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what is the circuit with 2 batteries connected to 1 lightbulb User: When a fuse blows, ___________. User: How is the wiring done in houses and other occupied buildings?
Weegy: It is in parallel, so one light can be on while others are turned off. Read more: (More)
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Asked 6/19/2012 6:10:47 AM
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In the Hardy-Weinberg equation shown below, p is the frequency of the dominant allele, and q is the recessive allele. What does q2 represent in the equation? User: A plant has two alleles for color. The red allele is recessive, and is represented by q. The purple allele is dominant, and is represented by p. If 76 of 100 organisms are red, what is q?
Weegy: In the Hardy-Weinberg equation, p^2 + 2pq + q^2 = 1, the term q^2 represents the proportion of the population with the recessive phenotype. The proportion of this population with the recessive phenotype is 30/100=0,30 That is q^2. [ The frequency of the recessive allele, q, is just the square root of 0,30so q^2 = 0.76 ] User: What happens when a population is in Hardy-Weinberg equilibrium? Weegy: The gene pool stays the same. The above is correct. Another possible answer is The phenotype frequency does not change. The allele frequency does not change. [ 1.No mutation occurs. 2.Each allele must be equally beneficial. 3.The population must be infinitely large. 4.All members of the population must breed. 5.All mating must be totally random. 6.All individuals must produce the same number of offspring. 7.No immigration or emigration can occur. Read more: ] User: does the population change in Hardy-Weinberg equilibrium? Weegy: all organisms must reproduce User: does the tolal number of organisms change in hardy weinberg equilibrium Weegy: All individuals must produce the same number of offspring. (More)
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Asked 6/19/2012 6:32:36 AM
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A biologist measures the allele frequencies of pea plants in a very controlled environment. The plants can either have a dominant tall allele (T) or a recessive short allele (t). Which of the following is a reason that this population is not at Hardy-Weinberg equilibrium?
Weegy: As a side effect of Mendel's choice of pea traits, he also discovered a genetic feature called dominance, where the presence of a dominant allele can completely hide the presence of a recessive allele. [ This either-or condition was necessary to his working out genetic rules, but it has since been found (and he probably realized) that many traits don't follow such an extreme pattern. Many allele effects are not that strong or weak, but rather blend to produce the trait. (In human eye color, very dark alleles can be dominant over very light alleles - brown can dominate blue - but middle-strength alleles blend, such as when green and light brown produce hazel). It also turns out that many traits, in fact most traits, are a product of at least two genes working together, two alleles per gene; these multiple-gene traits do follow rules based upon Mendel's discoveries, but the complex mixing of many alleles makes predictions of offspring traits a matter of probabilities. With all that we know of genetics, breeding racehorses is still a matter of mating parents with desired traits and hoping everything mixes properly in the offspring, which is what they were doing before Mendel was born. if that doesn't help here's a link that might ] User: Which adaptation would help a plant live in a desert? User: What is a reproductive strategy? Weegy: There are a wide range of reproductive strategies employed by different species. Some animals, such as the human and Northern Gannet, do not reach sexual maturity for many years after birth and even then produce few offspring. [ Others reproduce quickly; but, under normal circumstances, most offspring do not survive to adulthood. For example, a rabbit (mature after 8 months) can produce 10?30 offspring per year, and a fruit fly (mature after 10?14 days) can produce up to 900 offspring per year. These two main strategies are known as K-selection (few offspring) and r-selection (many offspring). Which strategy is ... (More)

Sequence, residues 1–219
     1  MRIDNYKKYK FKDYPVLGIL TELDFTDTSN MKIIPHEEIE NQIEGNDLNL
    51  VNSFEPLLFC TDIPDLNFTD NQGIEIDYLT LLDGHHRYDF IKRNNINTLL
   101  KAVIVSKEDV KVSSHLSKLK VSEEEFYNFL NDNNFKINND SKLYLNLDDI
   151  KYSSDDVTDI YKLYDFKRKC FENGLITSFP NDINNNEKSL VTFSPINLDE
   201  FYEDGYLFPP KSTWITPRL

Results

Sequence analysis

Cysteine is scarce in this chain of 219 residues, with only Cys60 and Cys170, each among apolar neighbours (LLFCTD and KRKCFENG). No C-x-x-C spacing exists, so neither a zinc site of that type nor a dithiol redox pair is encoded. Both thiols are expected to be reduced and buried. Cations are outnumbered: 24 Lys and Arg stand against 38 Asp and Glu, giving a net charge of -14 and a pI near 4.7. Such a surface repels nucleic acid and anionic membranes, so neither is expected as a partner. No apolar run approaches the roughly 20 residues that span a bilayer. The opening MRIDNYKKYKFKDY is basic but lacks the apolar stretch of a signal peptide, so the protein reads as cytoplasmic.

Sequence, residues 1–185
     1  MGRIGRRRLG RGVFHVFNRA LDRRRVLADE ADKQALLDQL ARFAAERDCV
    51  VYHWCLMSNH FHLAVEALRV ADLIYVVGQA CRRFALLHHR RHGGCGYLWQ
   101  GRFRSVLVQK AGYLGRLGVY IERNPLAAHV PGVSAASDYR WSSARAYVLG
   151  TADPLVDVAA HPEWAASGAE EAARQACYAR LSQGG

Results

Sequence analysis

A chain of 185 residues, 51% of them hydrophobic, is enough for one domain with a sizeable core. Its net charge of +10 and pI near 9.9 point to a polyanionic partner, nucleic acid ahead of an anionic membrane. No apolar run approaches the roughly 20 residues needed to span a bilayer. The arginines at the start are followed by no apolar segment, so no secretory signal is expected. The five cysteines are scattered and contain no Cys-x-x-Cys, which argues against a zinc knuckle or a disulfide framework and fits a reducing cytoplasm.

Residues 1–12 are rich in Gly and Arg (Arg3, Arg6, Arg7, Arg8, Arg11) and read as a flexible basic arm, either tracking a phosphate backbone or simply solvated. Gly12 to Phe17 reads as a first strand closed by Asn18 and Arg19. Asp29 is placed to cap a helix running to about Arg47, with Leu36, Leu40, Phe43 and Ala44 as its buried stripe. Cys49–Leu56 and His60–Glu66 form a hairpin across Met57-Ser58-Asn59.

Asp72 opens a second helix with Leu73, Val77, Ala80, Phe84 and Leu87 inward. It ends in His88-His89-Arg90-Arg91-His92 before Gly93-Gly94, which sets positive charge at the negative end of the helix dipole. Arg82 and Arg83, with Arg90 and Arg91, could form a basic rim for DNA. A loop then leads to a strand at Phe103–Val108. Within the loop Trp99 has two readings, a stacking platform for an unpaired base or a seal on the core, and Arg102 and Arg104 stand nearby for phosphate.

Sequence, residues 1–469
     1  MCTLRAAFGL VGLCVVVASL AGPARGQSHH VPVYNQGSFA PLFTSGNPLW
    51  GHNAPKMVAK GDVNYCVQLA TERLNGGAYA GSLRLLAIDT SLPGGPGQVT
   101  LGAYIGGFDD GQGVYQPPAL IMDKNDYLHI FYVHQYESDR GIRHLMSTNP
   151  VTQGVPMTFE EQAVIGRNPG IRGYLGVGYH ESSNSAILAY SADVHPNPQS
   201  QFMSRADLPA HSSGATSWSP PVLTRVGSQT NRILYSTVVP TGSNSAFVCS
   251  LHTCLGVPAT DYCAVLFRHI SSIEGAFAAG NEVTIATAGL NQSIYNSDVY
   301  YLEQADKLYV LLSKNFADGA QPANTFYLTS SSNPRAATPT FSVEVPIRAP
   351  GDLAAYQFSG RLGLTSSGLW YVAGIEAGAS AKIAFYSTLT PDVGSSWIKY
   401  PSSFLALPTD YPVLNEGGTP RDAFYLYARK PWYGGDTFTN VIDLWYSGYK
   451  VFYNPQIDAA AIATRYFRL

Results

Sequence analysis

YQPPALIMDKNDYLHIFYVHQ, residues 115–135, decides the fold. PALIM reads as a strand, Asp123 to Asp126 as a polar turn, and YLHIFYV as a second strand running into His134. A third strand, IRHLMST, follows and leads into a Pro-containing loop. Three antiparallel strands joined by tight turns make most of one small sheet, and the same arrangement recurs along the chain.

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Asked 6/19/2012 7:16:41 AM
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